The Chronic of the 17th April 2010 reports that the Attorney General argued that the issues before the court on the equalisation of the age of consent for sex was a domestic matter despite which, he argued that, Britain has a legitimate interest well served by it being an "interested party" and extraordinarily that the Chief Minister and he were "rather zealous" to protect who could join as a full party in the case.
Taking the last point first, it seems an extraordinary argument and proposition (without analysis of the legalities) that claimants in a case (that has no other parties) should dictate who can join as a party. This is especially so if the effect of that restriction is to prevent anyone from appealing any decision save for the claimants themselves. Despite making these arguments the Attorney General concedes that Britain has a legitimate interest in the matter. Surely this is an attempt at censorship of an extreme type and would be an affront to freedom of expression ?
On whether the issue is a domestic matter, this blogger begs to differ. On a superficial analysis this would seem to be the case. The issue is whether or not local laws are or are not contrary to the 2006 Constitution of Gibraltar. Without further scrutiny and analysis these facts would seem to soundly support the argument that it is a domestic matter, However, it does not take much thought to ask two questions that radically changes this conclusion.
The first is, what is the origin of and reason for the fundamental rights enshrined in Chapter 1 of the 2006 Constitution? The answer is the European Convention of Human Rights. This being the case, the issue ceases to be a domestic one and becomes an external affair. Why? Because the repercussions for any breach will fall on the UK who are responsible under the 2006 Constitution for Gibraltar's external affairs. External affairs must surely include compliance by Gibraltar with international obligations? The fact that these international obligations are subsumed within the 2006 Constitution do not undermine the international consequences of non-compliance or its international aspect. This analysis is borne out by the documents filed by the Chief Minister and the Attorney General themselves in this case . The Chief Minister describes his interest as " ... ensuring ... compliance with international obligations ...".
The second is that the 2006 Constitution is itself not a piece of legislation passed by the Parliament of Gibraltar. It is an Order in Council of the Privy Council of Great Britain and as such a piece of British legislation despite that, quite possibly, the Privy Council has acted in right of the Crown of Gibraltar.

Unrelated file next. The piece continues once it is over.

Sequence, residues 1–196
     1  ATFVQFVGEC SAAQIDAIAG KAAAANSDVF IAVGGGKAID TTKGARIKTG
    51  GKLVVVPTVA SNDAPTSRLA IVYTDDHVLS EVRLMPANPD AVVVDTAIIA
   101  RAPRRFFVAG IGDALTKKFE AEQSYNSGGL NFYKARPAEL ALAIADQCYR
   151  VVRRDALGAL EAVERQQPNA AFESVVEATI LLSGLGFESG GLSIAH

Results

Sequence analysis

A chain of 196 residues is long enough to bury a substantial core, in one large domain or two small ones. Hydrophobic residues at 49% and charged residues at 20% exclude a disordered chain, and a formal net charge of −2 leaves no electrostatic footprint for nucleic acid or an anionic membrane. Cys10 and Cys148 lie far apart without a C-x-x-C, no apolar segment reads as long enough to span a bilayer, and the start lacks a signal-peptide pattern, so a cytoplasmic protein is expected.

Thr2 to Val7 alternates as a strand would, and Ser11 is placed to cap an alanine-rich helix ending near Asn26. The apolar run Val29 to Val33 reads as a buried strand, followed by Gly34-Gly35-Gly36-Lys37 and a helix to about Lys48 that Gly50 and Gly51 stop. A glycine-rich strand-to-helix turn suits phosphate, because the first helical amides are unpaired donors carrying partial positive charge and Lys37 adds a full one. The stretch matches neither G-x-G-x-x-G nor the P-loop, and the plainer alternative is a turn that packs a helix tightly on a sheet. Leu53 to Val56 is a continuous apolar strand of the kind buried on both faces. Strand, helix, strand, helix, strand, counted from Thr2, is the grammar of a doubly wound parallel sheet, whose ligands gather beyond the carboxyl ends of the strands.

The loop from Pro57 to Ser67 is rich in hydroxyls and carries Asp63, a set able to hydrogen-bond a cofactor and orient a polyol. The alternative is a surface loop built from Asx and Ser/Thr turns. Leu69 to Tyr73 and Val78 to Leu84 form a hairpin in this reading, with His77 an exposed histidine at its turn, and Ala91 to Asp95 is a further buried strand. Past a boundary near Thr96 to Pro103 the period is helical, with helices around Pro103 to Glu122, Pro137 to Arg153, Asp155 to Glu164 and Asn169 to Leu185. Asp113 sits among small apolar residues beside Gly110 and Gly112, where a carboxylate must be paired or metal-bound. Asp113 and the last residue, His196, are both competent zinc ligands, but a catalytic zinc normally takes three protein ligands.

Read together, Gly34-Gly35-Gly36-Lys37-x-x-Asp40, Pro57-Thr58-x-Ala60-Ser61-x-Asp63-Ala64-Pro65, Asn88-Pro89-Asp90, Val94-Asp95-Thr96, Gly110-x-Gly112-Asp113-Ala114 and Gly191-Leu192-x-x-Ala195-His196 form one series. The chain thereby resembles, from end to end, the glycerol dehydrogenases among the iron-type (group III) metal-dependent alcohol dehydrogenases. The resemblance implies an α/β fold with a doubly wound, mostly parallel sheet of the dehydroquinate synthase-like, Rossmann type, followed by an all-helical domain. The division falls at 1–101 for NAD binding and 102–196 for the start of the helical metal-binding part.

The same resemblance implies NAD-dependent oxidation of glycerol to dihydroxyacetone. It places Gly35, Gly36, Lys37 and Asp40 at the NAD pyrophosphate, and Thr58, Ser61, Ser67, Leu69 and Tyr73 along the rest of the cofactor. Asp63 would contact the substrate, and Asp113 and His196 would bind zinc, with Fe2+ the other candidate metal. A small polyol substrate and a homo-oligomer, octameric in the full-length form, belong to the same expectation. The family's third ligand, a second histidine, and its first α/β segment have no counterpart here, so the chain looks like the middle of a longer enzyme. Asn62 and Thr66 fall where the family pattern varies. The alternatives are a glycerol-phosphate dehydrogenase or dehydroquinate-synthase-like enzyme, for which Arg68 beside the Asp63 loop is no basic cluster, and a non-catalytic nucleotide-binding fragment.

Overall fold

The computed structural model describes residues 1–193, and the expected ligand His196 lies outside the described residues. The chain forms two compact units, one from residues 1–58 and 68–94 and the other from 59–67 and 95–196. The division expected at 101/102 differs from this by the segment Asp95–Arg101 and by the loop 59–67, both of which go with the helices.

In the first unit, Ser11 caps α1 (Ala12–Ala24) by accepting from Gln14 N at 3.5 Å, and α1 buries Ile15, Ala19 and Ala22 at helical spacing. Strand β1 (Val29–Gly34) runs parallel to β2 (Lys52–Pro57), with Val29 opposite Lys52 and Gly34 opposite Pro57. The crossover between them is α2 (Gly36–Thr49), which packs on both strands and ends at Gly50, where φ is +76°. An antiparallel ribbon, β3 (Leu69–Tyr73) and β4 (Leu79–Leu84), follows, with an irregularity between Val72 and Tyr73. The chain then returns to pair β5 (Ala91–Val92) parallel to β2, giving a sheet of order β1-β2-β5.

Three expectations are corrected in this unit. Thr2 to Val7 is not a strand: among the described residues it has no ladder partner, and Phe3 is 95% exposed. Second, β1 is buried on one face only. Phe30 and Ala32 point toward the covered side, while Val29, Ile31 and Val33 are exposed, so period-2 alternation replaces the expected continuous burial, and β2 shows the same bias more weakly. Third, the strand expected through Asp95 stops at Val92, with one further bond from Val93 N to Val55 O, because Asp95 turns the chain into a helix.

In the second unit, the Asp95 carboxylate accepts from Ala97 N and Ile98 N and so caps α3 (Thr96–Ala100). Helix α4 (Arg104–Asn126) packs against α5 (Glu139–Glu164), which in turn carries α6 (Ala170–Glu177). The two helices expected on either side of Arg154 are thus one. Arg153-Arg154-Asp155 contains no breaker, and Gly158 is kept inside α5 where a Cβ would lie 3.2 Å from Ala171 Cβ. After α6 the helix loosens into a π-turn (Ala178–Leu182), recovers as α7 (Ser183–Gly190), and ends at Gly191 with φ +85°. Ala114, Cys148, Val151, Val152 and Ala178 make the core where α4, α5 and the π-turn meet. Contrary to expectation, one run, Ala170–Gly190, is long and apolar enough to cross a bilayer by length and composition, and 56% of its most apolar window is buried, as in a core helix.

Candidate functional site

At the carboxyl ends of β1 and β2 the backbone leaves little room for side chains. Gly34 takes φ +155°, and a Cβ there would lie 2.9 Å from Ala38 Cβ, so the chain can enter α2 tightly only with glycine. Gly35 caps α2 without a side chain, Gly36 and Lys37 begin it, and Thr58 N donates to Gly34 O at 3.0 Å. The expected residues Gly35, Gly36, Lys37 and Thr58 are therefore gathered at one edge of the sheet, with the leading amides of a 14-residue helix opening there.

The documents filed in court state that the interest of the Attorney General is that of " ... ensuring that any prosecution against a homosexual man ... is constitutional." The role of the Attorney General, as the sole decision maker on whether to prosecute someone or not,is protected in the 2006 Constitution from any interference by any other person. The independence of the decision to prosecute is sacrosanct.
This blogger understands that, despite the different interests and constitutional roles of the Chief Minister and the Attorney General, the Attorney General appeared for himself, which makes him a litigant in person rather than appearing as Queens Counsel, and also appeared in a representative capacity for the Chief Minister. What impression does this give? Is it another (at the very least) blurring of constitutional roles and separation of powers and functions? It is for the Attorney General to prosecute in accordance with any law passed by the legislature. It is not for him to question its constitutionality.
It is for lawyers defending (not the Attorney General in a vacuum and in concert with the Chief Minister) to raise constitutional issues. The defendant in any such case would be a person affected. Under section 16 of the 2006 Constitution this would entitle such a defendant to seek redress.
Undoubtedly the Gay Consent Age case is throwing up and will continue to throw up more and more interesting issues ... let us see what else turns up and what the repercussions might be!